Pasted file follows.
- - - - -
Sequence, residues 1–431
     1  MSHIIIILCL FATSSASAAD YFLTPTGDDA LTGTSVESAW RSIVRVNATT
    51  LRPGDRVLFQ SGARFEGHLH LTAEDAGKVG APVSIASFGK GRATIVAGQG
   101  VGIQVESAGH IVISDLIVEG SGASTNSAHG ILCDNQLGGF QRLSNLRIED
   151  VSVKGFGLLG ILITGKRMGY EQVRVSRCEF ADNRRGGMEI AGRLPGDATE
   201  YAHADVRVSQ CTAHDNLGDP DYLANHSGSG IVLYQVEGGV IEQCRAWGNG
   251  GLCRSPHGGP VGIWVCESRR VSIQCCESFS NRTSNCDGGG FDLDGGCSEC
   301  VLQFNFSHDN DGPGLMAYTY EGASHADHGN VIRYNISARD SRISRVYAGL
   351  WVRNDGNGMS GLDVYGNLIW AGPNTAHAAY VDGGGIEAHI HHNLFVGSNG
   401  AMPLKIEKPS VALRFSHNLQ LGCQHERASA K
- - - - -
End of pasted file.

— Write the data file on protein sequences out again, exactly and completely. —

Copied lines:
Sequence, residues 1–431
     1  MSHIIIILCL FATSSASAAD YFLTPTGDDA LTGTSVESAW RSIVRVNATT
    51  LRPGDRVLFQ SGARFEGHLH LTAEDAGKVG APVSIASFGK GRATIVAGQG
   101  VGIQVESAGH IVISDLIVEG SGASTNSAHG ILCDNQLGGF QRLSNLRIED
   151  VSVKGFGLLG ILITGKRMGY EQVRVSRCEF ADNRRGGMEI AGRLPGDATE
   201  YAHADVRVSQ CTAHDNLGDP DYLANHSGSG IVLYQVEGGV IEQCRAWGNG
   251  GLCRSPHGGP VGIWVCESRR VSIQCCESFS NRTSNCDGGG FDLDGGCSEC
   301  VLQFNFSHDN DGPGLMAYTY EGASHADHGN VIRYNISARD SRISRVYAGL
   351  WVRNDGNGMS GLDVYGNLIW AGPNTAHAAY VDGGGIEAHI HHNLFVGSNG
   401  AMPLKIEKPS VALRFSHNLQ LGCQHERASA K